USPTO v. A Follow Up

Post by Stephanie Nikitenko

In May 2020, I discussed the oral arguments held in the Supreme Court case USPTO v., which centered around the question of whether the addition of “.com” to a generic term creates a protectable trademark. On June 30, 2020, an 8-1 decision authored by Supreme Court Justice Ginsburg was issued in favor of, holding “a term styled ‘’ is a generic name for a class of goods or services—and thus ineligible for federal trademark protection—only if the term has that meaning to consumers.” [1]

The Decision

The decision rejects the per se rule created by the United States Patent and Trademark Office (PTO) that a generic word followed by “.com” is necessarily generic and therefore ineligible for trademark protection. The Supreme Court recognized that affirmance of the PTO’s per se rule would have “opened the door to cancellation of scores of currently registered marks.” [2] Justice Ginsburg specifically noted inconsistency with the per se rule on the part of the PTO due to its past practice of granting trademark registration for “” domain names such as and [3]

In his dissent, Justice Breyer addressed PTO concerns that it would be anticompetitive for to enjoy a monopoly on the word “booking.” [4] The Court noted that stated that the registration would not let it block other trademarks, including “booking,” but simply the whole mark as [5]

This decision only deals with the question of legitimacy of the PTO’s per se rule against registering generic domain names. [6] The question of how evidence of a mark’s significance should be weighed and analyzed, however, remains. [7]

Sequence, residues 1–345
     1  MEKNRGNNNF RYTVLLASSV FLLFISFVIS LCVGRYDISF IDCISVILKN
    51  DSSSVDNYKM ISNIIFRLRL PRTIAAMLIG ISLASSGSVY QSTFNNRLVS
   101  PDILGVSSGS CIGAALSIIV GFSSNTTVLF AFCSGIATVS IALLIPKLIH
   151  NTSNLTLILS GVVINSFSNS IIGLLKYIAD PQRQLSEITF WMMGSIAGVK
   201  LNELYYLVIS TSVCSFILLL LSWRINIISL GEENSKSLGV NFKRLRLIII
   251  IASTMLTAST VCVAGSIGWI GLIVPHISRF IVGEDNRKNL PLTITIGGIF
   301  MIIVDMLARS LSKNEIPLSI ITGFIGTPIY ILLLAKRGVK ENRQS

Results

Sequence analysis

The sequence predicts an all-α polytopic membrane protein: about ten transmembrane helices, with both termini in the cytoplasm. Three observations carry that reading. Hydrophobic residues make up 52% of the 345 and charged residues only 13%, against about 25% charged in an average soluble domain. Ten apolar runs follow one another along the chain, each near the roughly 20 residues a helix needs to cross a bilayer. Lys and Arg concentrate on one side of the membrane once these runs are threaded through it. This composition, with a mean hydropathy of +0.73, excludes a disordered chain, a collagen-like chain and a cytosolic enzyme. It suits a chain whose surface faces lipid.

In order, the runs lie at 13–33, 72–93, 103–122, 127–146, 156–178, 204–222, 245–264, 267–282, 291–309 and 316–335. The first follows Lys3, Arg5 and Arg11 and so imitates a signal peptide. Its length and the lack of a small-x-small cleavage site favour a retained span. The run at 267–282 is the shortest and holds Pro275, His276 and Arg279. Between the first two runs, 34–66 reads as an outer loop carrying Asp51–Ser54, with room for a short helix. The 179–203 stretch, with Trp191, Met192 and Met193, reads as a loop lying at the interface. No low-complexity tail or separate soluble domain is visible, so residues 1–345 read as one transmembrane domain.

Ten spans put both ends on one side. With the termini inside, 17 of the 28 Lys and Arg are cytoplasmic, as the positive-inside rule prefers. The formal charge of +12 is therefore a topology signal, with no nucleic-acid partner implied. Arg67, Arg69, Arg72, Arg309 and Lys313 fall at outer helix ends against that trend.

There are competing thoughts on how this decision will impact the trademark registration process. Some professionals argue that this has been one step forward and two steps back because it has created a race to the courthouse for “any website that can show significance to the relevant consumer” now that the power has shifted to allowing evidence of public perception to determine trademark eligibility. [8] Conversely, there are other professionals who believe the Supreme Court was correct in its decision because at its core, trademark law is an area of the law built around consumer perception and brand recognition. refers to a specific company, and therefore functions as a brand name, which would allow it to be registrable as a trademark. [9]

Final Thought

There is often the conception that the PTO is more focused on denying registrations than accepting them. Many professionals hope that this decision is a step in the direction of progress for the PTO making examination processes more uniform and ultimately accepting more trademark applications.


[1] United States Patent and Trademark Office v. B.V., Scotus blog (June 2020),

[2] Robert Zelnick, Supreme Court: “” Can Be Registered as Trademark, JD Supra (July 2020),

[3] Id.

[4] Id.

[5] Blake Brittain and Kyle Jahner, Supreme Court Affirms Validity of ‘’ Trademark, Bloomberg Law (June 2020),

[6] Id.

[7] Eileen McDermott, The Consumer is King: High Court Sides with, Rejecting Per Se Test for Generic.Com Trademarks, IP Watchdog (June 2020),

[8] Id.

[9] Id.

About the Author:

stephanieStephanie Nikitenko recently graduated from UIC John Marshall Law School in Chicago. At UIC John Marshall, she served as the President of the Intellectual Property Law Society (IPLS) and primarily concentrates her studies on the subject of Intellectual Property. She also spent a semester working in the JMLS Trademark Clinic where she assisted clients with the Trademark Registration process with the USPTO. Additionally, under the supervision of an attorney, she currently assists a law firm with both their trademark and patent matters.

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